“I hadn’t exchanged so much as one word with her since that day,” he explains. “It was because we entered different dorms: the Black Rose and the While Lily. Bitter rivals. They’d hated each other’s guts since the school was started fifty years ago. Yuki ended up the head of the White Lily dorm right when she enrolled, as a freshman, no less. I had no way of getting close to her.”
This longstanding rivalry between the Black Rose and the White Lily is the main source of conflict in School of Talent’s narrative. It adds an element of “star-crossed lovers” to the story of Kotaro pursuing Suzu, though the former’s feelings are very much unrequited at the outset of the story, with frequent comedic misunderstandings often leading Suzu to believe that the actually rather polite and pleasant Kotaro is some kind of pervert.
The Black Rose-White Lily rivalry is allegorical on a number of different levels. Firstly, it’s a very clear depiction of the feelings of prejudice that a particularly privileged group can come to feel towards another — and the feelings of resentment that often bubble up in response. The White Lilies, having historically been made up of those perceived as the school’s best-performing students, had been able to build up their dormitory complex into an incredibly luxurious place to live, while the Black Roses existed as perpetual underdogs, living in outdated facilities and scraping by as best they could.
The White Lilies weren’t given their privilege simply by society, however; the body of students that formed this house is consistently shown to be serious, hardworking and fiercely loyal to their comrades, while the Black Roses are often shown to be indolent, apathetic and, at times, deliberately provocative towards their rivals. It’s not exactly conducive to a good working relationship — or indeed for either side to budge from the positions they’ve held relative to one another for the last half-century. In this sense, it could be argued to reflect the potential dangers of a meritocratic society: those who are less naturally talented will likely end up resenting those who wield power over them, particularly if their inability to catch up means that they end up wanting for things that their perceived “superiors” take for granted.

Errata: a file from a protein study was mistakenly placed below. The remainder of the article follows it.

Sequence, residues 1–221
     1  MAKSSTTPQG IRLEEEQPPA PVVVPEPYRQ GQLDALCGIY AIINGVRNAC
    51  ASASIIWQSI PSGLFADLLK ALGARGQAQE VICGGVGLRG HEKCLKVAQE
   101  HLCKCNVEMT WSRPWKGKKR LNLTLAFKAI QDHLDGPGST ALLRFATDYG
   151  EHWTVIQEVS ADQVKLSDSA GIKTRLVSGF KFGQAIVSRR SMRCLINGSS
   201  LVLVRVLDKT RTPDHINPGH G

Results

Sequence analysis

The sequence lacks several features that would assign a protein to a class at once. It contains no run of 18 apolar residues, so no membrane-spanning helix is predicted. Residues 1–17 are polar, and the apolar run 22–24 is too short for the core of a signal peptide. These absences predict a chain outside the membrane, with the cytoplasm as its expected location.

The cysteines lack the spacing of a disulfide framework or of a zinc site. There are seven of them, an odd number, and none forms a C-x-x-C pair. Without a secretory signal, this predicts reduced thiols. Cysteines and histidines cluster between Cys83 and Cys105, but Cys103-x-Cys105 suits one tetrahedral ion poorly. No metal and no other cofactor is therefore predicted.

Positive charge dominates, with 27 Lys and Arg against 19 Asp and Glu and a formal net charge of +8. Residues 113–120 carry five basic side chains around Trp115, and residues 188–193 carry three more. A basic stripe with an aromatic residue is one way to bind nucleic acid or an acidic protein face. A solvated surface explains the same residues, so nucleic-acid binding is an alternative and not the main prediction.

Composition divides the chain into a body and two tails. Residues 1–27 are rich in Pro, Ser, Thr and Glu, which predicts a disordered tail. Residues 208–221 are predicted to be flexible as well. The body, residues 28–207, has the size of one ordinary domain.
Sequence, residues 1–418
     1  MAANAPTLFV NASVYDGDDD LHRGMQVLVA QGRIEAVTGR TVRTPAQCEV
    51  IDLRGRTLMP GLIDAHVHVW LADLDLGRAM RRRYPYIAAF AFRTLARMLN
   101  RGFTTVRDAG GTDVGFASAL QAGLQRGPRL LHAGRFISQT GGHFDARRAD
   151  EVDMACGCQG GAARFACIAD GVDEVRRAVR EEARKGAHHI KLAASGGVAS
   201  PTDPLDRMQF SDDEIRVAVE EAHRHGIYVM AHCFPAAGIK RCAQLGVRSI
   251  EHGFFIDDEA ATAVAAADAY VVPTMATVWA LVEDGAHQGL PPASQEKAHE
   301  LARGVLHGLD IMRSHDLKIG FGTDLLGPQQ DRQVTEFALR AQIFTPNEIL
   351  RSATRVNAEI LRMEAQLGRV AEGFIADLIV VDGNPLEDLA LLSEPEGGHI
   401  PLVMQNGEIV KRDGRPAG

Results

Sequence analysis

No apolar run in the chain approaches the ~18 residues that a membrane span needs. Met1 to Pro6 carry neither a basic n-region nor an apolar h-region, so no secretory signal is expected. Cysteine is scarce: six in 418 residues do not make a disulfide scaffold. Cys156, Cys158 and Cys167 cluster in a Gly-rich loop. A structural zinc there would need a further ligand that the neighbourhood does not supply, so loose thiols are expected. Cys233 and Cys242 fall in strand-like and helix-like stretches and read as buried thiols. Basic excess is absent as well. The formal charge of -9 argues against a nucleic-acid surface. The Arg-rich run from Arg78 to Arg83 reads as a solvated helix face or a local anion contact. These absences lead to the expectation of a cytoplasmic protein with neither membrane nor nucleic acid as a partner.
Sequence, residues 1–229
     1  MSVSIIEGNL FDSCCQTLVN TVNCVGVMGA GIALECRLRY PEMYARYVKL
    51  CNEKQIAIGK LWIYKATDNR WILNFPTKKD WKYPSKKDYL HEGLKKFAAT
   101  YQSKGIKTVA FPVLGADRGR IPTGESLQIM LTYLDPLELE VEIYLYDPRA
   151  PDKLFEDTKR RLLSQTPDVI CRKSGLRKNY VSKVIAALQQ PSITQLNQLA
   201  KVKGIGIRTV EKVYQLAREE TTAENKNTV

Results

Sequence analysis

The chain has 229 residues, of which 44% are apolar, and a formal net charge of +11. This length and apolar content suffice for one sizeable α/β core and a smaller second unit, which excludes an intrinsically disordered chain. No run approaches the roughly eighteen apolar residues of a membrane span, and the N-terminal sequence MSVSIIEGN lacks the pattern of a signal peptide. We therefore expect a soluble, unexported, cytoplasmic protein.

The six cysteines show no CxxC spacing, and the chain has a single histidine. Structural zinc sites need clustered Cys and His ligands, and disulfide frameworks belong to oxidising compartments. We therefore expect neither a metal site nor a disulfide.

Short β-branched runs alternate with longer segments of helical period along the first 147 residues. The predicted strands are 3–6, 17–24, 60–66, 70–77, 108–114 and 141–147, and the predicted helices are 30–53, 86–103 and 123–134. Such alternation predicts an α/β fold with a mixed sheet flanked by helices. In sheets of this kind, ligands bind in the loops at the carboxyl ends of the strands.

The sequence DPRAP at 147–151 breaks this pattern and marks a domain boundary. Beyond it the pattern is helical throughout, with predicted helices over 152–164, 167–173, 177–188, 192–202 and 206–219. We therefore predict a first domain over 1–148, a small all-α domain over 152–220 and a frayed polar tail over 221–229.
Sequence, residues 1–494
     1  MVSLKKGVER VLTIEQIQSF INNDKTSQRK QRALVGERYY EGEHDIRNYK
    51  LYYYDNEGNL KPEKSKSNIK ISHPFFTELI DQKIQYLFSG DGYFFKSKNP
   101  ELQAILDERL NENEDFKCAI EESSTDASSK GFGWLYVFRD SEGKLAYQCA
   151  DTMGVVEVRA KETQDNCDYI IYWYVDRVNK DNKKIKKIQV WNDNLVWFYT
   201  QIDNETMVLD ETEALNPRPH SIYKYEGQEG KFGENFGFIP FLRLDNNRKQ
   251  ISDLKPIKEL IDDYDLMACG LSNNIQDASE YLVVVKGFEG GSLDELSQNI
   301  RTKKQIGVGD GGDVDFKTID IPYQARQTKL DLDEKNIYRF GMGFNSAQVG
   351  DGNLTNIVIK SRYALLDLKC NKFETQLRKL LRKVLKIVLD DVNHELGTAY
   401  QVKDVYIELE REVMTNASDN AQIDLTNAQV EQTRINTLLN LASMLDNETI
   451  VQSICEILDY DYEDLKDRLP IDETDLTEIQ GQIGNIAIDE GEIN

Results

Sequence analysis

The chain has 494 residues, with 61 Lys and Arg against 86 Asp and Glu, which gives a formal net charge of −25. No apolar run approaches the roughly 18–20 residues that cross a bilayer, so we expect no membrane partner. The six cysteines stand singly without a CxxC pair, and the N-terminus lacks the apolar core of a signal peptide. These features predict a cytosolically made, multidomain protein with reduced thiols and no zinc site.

The rivalry can also be seen as a reflection of the absurdity of one group oppressing another based on arbitrary characteristics: in this case, the colour of their uniforms, rather than the colour of their skin or hair, their gender, their sexuality or indeed any other descriptor that has historically been used for social segregation. As is shown throughout the story, the Black Roses aren’t actually in any way “inferior” to the White Lilies; indeed, of the various “tiers” of talent that exist in School of Talent’s world, we see that there are roughly equal numbers of each tier on both “sides” of this conflict.
Rather, it simply seems to just be sort of “accepted” that the White Lilies are the “rulers”, while the Black Roses are the common people. This is made particularly explicit during a school event that sees the two sides staging a mock battle against one another as a means of practicing their Talents: Black Rose dorm leader Azami stirs her troops into battle with the rallying cry of “let the barbaric commoners unite and crush the pride of the noble!”
Interestingly, School of Talent isn’t structured as a straightforward, free-flowing visual novel. Instead, it is split into discrete episodes, clearly heavily inspired by anime series. The game very much runs with this episodic idea, with each episode having its own clear narrative arc as well as progressing the central story of Kotaro attempting to get closer to Suzu.